Let them eat cake
… and biscuits and chocolate and lollies and pies and turkey and stuffing and bread and the piece of fluff they found under the couch and ice cream and sausages and whatever they want. There is absolutely no way on earth that a single day of over-the-top unhealthy eating could do lasting damage, not realistically. Even if you usually prefer your children to be pagans of virtue in their eating habits, and even if you succeed (a much trickier prospect), just turn a blind eye today.
Giving ground here means you don’t need to watch what they’re eating, since they can eat anything they want, giving you more time to deal with other things. Christmas is meant to be extravagant; we all eat and drink and buy too much, why should children be left out? It’s a day to look forward to all year and being a day of eating free-for-all can help you set limits the rest of the time (of course you can’t eat that, what do you think this is, Christmas?!!! 😉 ) You might be surprised to find that when given free licence they don’t eat as much or as poorly as you’d expect and even if they try, they couldn’t possibly outweigh the good eating you share the rest of the year.
This is the most important of all. Prepare yourself and the children, rest up beforehand, be clear about expectations and avoid unnecessary conflict, loosen the reins a little (get it, reins, like for the reindeer??? ahhhh….lol ), but if (when?) it all goes to hell in a handbasket, try try try to go with the flow. I believe routine is the key to happy children, but the routine is already out the window so don’t stress if you can’t get a baby’s nap in when you think you should, or didn’t feed the kids when they’d usually eat, or forgot to plan for the extra children that arrive with those aunts who keep giving you books you read last year. Naps can be moved, skipped, or happen in someone’s lap, children can share a bed, meals can be anytime (the kids are stuffing themselves on chocolate and couch fluff remember?), and TV can be a blessed babysitter.
This is a day for fun, family, friends, loved ones sharing a special day and creating memories. It’s a big day that throws the usual schedule in chaos and you should be realistic about the impact on small children. They will probably swing wildly between excited and happy, and grumpy and sleepy. Make it as easy on them and yourself and everyone as possible and take the easy route where possible feeling utterly GUILT free! This is a free day, it has nothing to do with normal routines and plans and goals and expectations. Your only goal today is to enjoy yourself and your family, and for them to feel the same way.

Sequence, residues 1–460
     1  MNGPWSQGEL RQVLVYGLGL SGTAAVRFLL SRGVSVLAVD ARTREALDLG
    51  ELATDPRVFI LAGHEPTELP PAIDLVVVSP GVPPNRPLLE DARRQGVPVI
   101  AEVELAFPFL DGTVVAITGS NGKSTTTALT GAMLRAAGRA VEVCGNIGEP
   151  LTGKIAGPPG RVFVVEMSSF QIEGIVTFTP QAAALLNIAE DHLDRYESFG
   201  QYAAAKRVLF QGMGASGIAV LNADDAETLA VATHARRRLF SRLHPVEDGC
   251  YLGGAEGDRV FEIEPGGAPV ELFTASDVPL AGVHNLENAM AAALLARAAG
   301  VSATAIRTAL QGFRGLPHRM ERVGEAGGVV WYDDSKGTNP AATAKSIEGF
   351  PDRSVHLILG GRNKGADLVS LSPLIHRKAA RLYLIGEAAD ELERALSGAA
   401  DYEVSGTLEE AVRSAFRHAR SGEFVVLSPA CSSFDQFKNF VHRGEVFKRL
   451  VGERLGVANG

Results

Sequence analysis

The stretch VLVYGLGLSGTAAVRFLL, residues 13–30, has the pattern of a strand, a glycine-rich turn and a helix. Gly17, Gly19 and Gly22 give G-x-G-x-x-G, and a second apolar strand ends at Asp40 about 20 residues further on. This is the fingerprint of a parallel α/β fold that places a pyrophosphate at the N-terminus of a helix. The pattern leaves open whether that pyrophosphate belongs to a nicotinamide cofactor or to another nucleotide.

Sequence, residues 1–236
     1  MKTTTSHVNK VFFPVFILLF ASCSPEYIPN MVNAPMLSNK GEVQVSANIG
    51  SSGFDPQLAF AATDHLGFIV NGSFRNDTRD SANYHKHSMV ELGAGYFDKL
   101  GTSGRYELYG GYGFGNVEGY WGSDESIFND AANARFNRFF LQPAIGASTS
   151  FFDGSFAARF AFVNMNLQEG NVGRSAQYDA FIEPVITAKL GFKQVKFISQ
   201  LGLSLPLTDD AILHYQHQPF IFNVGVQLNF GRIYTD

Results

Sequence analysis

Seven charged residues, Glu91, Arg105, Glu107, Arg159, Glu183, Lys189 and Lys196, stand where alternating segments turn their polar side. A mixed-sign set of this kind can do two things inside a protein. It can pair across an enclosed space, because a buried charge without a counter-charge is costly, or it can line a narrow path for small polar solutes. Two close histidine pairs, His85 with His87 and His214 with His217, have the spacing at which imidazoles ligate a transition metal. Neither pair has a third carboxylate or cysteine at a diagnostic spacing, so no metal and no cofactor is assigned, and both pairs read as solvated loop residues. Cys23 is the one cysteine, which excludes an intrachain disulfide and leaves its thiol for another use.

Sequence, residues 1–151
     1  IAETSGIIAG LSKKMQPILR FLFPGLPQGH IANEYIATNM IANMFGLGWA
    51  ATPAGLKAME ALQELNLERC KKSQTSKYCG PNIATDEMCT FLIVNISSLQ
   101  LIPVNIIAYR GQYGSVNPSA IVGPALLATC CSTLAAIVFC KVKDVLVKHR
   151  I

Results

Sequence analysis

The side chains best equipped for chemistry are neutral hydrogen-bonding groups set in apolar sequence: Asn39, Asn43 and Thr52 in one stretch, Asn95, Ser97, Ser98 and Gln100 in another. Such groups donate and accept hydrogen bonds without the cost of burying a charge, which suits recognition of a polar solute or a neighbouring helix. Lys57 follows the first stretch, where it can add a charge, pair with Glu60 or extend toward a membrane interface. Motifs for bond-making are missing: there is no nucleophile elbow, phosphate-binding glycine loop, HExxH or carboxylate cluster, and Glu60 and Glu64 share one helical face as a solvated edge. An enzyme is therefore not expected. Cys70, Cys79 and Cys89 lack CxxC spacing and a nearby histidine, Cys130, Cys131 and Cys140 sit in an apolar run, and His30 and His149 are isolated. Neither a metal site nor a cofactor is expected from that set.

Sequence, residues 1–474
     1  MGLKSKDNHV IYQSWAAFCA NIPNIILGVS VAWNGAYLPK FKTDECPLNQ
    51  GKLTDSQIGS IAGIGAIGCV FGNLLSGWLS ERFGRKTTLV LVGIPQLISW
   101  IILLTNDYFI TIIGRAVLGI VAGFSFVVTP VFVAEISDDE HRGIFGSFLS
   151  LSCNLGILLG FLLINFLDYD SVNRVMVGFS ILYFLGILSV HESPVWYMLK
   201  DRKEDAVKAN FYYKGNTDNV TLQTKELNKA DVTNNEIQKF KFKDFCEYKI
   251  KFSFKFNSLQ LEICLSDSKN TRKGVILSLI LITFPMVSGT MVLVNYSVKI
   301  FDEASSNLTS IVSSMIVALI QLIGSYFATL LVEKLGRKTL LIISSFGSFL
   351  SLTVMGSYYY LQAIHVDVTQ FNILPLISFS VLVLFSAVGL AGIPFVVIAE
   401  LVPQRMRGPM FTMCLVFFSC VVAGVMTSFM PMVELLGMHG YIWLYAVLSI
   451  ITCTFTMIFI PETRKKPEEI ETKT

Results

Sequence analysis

Some years I take the babies and children I work with to see Santa.
I love it. They look so cute, the older ones get so excited and nervous; they infect me with Xmassy good feelings.
I’m a sucker for Christmas anyway, so it’s not hard to get my good-cheer-meter rising and since I love being with the babies and kids, putting the two together makes my day. If I got to also eat a too-big bowl of pasta while watching TV in my pyjamas at the end that day, I’d pretty much be in heaven.
I don’t have children (yet, I hope!) but I just assume I’ll love taking them to see Santa. I assume that I would jealously preside over such events, fighting off those who’d take on the task as though I were protecting my magical goose that lays golden eggs while writing pithy articles, curing cancer and inventing perpetual motion machines. Continue reading →
When he was very little my brother invented a joke. It went like this:
“What’s the difference between a hotdog and sausage?”
He could barely contain his own mirth as he proudly delivered the punchline, “You put a hotdog in a roll!”
Kids really do say the darndest things (is that an inside joke that only I get?), especially when they’re trying to wrap their heads around the notion of creating a joke. I always assume that genuinely funny people are also tremendously intelligent. It’s a complicated and sophisticated thought process that produces true wit. I swoon for a funny man in an instant, presuming he also will engage in mind-blowing rhetoric with me (and ideally cook well and indulge my love of stationary).
When kids, with their still unfinished brains whirring madly away, attempt to invent jokes, they come out like word Picassos; not quite what they’re meant to be, yet all the more fabulous for it. Continue reading →